First it was Snyders. Then Borders. Then Escape Ultra Lounge. GameWorks has tried to sublease some of its space but came up short. Then July 18, the latest and most high-profile tenant took flight, Bellanotte restaurant.
Yes, businesses are running from Block E faster than LaToya Jackson is running to book publishers with the title "My Brother Michael."
The floundering state of downtown Minneapolis' seven-year-old shopping mall is no surprise, at least not to those of us who doubted the idea of trying to woo suburbanites into the city by building a mall with everything they can get closer to home.
Pointing out all that's lame about Block Empty is like picking on the kid in class with his underwear on inside out. It's too easy. Instead, I thought I'd throw out ideas on how to salvage the place. It's there. It's paid for (the city's $39 million share, anyway). Let's make the most of it.
To strike up a little inspiration, I hung out in the mall last Monday night before the Dead Weather's sold-out concert across the street at First Avenue. I bet no more than five clubgoers crossed 7th Street that night. Applebee's had a measly five patrons (and definitely not the same five from the club). Even the Hard Rock Cafe was deader than half the musicians on its walls.
Not one to easily give up on my steadfast journalistic pursuits, though, I went to the only Block E business that had any life in it. Yes, Hooters.
Honest to God (and my wife), I've never had the pleasure of dining at a Hooters. Man, what a trip. My virginal experience taught me three things about the place: The food's not bad; women actually do dine there, and I don't care if you're a half-blind nun or a man who likes Beyoncé for her music, your eyes are going to be pulled toward those fluorescent-orange shorts at some point in your meal no matter how hard you try to look away.
That gave me my first of 10 ideas on how to salvage Block E:
1. Make it entirely a Hooters-themed mall. I didn't dig the place that much, but clearly lots of people do. Like the waitresses, Block E should make the most of its assets.
2. Turn the empty spaces into Graves 601 mega-suites. How disgusted were the operators of one of Minneapolis' swankiest hotels when a Hooters and Applebee's opened next door? Make it up to them with Bellanotte's old 10,000-square-foot space. It'd be the kind of killer pad that could bring NBA players back to Block E (although no current Wolves players could afford it).
3. Two words (and one ampersand): Crate & Barrel. All those basement-less condo dwellers who swarmed downtown for about 15 minutes a couple years ago are learning they need more contraptions for stockpiling their junk.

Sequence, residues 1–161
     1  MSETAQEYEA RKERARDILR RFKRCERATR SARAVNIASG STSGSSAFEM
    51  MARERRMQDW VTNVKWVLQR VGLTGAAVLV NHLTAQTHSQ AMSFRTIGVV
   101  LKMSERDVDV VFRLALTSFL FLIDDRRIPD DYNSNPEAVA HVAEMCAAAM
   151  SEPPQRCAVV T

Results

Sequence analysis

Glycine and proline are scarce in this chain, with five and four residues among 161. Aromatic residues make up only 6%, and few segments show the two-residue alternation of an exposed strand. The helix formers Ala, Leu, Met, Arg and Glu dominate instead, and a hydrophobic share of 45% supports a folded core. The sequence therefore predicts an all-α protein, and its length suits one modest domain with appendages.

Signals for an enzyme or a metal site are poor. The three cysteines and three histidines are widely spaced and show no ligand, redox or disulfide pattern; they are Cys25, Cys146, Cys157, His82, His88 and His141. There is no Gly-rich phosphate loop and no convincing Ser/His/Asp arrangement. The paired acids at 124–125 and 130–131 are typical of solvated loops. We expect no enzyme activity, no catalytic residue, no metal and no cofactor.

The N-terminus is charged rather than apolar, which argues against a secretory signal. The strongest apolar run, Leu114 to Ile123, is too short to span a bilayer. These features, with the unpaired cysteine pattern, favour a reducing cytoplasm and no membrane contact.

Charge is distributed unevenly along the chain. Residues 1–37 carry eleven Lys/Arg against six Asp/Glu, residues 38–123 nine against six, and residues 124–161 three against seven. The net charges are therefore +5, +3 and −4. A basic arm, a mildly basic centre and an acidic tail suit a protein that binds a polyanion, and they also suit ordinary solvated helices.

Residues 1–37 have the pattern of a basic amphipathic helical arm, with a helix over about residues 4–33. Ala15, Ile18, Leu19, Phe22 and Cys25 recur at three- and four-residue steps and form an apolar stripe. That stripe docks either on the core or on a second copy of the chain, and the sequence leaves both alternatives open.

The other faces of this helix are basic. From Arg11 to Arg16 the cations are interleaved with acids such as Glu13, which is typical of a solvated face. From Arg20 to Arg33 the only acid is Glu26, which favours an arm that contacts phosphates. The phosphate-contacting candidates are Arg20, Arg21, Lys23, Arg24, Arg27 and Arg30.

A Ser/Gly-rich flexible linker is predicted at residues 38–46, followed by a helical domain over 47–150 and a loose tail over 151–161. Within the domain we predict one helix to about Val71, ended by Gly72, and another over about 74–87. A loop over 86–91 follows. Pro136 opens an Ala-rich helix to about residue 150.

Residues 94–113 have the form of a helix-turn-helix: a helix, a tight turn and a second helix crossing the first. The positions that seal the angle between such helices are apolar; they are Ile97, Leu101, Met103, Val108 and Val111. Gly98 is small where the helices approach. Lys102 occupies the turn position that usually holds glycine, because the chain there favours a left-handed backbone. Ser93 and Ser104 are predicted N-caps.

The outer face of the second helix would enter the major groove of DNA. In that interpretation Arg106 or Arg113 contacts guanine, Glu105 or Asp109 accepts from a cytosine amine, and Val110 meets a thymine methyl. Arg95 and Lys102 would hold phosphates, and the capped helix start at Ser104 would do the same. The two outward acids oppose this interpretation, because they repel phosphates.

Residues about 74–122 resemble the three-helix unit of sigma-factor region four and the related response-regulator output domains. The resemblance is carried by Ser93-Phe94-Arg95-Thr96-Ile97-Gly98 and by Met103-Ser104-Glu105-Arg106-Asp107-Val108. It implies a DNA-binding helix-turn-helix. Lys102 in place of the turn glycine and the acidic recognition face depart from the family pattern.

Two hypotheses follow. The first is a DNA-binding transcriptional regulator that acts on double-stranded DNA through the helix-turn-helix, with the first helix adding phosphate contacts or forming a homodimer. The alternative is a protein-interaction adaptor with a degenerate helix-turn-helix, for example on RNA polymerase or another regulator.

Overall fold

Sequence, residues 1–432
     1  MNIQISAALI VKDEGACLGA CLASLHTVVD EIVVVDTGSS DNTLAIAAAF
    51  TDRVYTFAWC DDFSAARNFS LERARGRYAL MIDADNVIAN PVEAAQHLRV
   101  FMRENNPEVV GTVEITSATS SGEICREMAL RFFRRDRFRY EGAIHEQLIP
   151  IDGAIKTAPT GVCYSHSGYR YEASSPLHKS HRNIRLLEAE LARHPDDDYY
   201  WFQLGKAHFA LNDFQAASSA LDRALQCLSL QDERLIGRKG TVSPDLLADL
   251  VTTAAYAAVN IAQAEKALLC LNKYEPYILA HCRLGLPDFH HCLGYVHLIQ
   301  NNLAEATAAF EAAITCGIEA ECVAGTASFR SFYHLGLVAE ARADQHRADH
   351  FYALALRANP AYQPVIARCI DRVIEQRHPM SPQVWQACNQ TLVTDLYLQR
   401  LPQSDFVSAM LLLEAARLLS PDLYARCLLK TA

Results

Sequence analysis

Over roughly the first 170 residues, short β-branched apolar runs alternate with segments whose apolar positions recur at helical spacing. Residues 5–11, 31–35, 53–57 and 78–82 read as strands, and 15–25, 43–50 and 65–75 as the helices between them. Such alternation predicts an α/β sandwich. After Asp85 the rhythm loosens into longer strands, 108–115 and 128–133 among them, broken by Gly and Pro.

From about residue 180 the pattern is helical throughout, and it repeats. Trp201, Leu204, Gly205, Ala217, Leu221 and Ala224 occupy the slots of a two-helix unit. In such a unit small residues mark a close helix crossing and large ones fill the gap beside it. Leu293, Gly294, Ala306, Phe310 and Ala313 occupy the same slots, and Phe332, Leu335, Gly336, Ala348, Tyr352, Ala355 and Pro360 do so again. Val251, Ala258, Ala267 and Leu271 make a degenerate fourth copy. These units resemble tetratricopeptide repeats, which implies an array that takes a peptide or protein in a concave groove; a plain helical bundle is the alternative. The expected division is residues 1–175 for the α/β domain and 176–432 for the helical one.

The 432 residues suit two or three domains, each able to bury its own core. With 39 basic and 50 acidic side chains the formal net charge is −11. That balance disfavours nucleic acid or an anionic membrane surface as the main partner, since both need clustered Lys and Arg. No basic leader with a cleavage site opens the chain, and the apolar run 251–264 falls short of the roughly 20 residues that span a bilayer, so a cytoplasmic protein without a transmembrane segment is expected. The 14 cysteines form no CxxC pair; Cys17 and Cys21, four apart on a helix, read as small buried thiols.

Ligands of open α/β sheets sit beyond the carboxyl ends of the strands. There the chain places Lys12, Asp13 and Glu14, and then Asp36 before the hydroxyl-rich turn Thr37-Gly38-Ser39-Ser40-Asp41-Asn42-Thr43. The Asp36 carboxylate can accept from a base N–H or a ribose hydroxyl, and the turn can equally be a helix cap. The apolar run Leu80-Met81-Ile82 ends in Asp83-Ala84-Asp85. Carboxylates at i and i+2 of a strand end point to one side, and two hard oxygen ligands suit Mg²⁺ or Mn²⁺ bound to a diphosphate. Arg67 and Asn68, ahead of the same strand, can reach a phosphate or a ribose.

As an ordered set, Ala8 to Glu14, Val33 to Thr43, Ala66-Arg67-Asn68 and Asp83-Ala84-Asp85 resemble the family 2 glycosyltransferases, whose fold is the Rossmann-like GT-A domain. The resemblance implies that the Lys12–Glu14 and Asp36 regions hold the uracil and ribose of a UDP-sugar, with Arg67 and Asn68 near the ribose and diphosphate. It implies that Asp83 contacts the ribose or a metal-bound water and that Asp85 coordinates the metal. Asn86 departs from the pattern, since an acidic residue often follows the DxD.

4. How about not leaving our downtown streets looking like Third World countries all summer long? I swear it takes our city road crews longer to finish one measly block than it took me to finish watching "Lost" on TiVo this year. ("Dammit, will you guys kill Jacob already?!") Then they always seem to cut into the same stretch of street a year later, as if they're working for the Sisyphus Road Co.
5. Retool downtown's image. I never really understood why so many people think downtown is as dangerous as Mogadishu. It's really not that scary, folks. Heck, they've even closed the Chevy's restaurant by Block E. (Is there anything more frightening than bad faux-Mexican food?)
6. Move Lee's Liquor Lounge there. Lee's owner Louie Sirian recently complained to sports columnist Patrick Reusse about the fact that Target Field will open next season within Carlos Gomez bat-throwing distance of his historic bar. Apparently he dreads the idea of 40,000 people walking past his place 80 nights out of the year. He'd have no such worries at Block E. I'd pay admission just to see the Lee's stuffed bobcat hanging next to Mrs. Fields Cookies.
7. Follow the lead of Shout House piano bar. Add a karaoke bar, a "Girls Gone Wild" flashing booth and a dance club that plays only "Can't Touch This." I'm just trying to think of all the annoying things 21-year-olds like to do when they get really, really sloshed, which includes singing along to Billy Joel's "Piano Man."
8. The Gay 90s, Phase II. Minneapolis's ginormous gay club is already laid out like a mall, and has outlasted virtually every other downtown business its size. It's time to reward it with a bigger home. A few tweaks, and I bet it could even incorporate the Hooters.
9. Pawlenty 2012 headquarters. Just trying to think of an ideological balance to No. 8.
10. Swap places with the Shubert Theater. I'm not suggesting hoisting the Shubert onto dollies again and moving it back a quarter-mile to Block E, where the theater was located until 1999. They should cram what's left of Block E's tenants into the still-vacant Shubert -- i.e., Hooters up in the balcony, Coldstone Creamery backstage, etc. Then let all the arts organizations waiting to use the Shubert these past 10 years have free rein of the mall.
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